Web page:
Holocasut Evacuee Vera Gissing.
Czech by birth, Jewish by race but British by choice
A Berkshire resident has been revealing how the memories of evacuation form Germany just months before the start of World War II still live with her today and are just as pertinent seventy years on.
Seventy years ago this week, Parliament made a vital decision that probably saved the lives of ten-thousand Jewish children.
It was the start of the 'Kindertransport' which saw thousands of children travel by train and boat to the UK - in the nine months before the start of the Second World War.
At the same time, Sir Nicholas Winton, the man described as Berkshire's own Oscar Schindler, helped smuggle 668 Czech children out of Nazi Germany.
Vera Gissing was one of those children forced to leave her parents and start a new life.
This lead to a crisis of identity for Vera in later years as she was caught between her Czech upbringing, her Jewish faith and her new life in Britain.
Jewish refugee children on the Kindertra
For a long time I sort of worried, who am I? what am I? and it wasn't until years later when I married an English man, had a family and came back to Prague that I started to realise.
She lived in Liverpool and by the time she was repatriated to Prague in 1945 she already knew that both her parents had perished in the Holocaust.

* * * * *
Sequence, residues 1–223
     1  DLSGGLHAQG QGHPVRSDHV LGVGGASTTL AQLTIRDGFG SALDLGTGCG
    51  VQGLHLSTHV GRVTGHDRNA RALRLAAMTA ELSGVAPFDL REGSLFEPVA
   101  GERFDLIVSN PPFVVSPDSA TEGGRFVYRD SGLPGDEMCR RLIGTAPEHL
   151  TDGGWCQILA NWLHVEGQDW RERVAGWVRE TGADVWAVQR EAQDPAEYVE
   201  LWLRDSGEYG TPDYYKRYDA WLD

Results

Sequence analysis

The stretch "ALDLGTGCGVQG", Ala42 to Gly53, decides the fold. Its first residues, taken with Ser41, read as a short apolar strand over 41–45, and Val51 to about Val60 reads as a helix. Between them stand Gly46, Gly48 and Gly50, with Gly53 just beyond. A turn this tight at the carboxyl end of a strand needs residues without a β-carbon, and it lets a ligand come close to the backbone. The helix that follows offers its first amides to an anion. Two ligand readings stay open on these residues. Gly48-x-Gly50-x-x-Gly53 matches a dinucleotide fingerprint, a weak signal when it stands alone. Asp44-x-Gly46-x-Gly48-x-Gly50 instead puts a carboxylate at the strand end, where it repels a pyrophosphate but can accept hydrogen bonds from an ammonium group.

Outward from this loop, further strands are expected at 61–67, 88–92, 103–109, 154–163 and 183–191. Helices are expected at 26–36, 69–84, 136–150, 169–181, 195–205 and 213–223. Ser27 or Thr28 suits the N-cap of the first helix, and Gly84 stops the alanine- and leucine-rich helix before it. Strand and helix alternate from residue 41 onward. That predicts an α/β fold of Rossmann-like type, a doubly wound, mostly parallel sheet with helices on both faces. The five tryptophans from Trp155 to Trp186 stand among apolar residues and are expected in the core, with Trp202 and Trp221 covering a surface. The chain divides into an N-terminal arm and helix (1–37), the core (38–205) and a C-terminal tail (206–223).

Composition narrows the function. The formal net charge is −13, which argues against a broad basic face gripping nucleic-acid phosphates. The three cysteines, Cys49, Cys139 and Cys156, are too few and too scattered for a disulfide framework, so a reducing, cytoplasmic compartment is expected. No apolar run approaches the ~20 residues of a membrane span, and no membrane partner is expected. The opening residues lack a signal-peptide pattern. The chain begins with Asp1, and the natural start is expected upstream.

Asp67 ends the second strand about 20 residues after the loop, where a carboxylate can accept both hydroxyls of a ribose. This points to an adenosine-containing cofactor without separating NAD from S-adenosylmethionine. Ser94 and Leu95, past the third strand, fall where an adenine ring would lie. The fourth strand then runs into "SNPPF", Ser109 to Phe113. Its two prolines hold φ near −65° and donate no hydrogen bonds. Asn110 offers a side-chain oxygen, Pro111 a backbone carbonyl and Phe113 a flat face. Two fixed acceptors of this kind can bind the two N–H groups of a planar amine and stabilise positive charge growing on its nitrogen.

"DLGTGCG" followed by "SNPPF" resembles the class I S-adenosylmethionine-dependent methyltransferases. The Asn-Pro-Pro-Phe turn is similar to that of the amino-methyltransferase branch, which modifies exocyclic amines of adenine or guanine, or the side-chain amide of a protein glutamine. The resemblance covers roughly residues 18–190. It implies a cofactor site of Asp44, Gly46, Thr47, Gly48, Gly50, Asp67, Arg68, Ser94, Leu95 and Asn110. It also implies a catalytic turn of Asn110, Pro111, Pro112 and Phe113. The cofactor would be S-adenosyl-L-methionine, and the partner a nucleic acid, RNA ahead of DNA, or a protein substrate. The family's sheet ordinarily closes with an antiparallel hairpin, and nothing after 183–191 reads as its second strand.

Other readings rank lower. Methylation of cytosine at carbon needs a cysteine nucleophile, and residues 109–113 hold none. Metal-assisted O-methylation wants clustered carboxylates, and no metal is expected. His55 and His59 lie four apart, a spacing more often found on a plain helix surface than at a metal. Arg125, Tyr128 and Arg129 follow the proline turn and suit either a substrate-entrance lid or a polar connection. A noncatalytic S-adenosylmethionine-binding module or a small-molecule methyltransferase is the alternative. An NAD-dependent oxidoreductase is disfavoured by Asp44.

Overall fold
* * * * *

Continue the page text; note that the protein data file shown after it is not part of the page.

Unable to settle in her homeland, she returned to England to make a home bringing with her the diaries she had kept for her parents throughout the war. They formed the basis of her book 'Pearls of Childhood', first published in 1988.
However it was a visit to the Jewish Museum years later in London that would really impact to Vera how fortunate she had been.
"I went into the Jewish Museum and there was a room dedicated to all the Jewish children who went to the concentration camp and didn't survive.
"On the walls there were snippets of drawings of the children, little poems and drawings that depicted all the things they lacked; beautiful sun, toys to play with, food to eat, all the things which they never had because 99% of them perished in the concentration camp."
It was these reminders of the atrocities committed that made that were the most poignant for Vera
"As I stood there I realised that had it not been for Sir Nicholas Wynton and had it not been for the brave hearts of our parents who let us go to an unknown country, to unknown people and not known if they would ever see us again.
"I knew then that had we not have gone to England that would have been the only thing that would be the only thing that would have remained of me and my sister."
These sentiments made Vera realise that she leads a cosmopolitan existence.
"I decided then that I am Czech by birth, Jewish by race and British by choice."
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last updated: 25/11/2008 at 16:09
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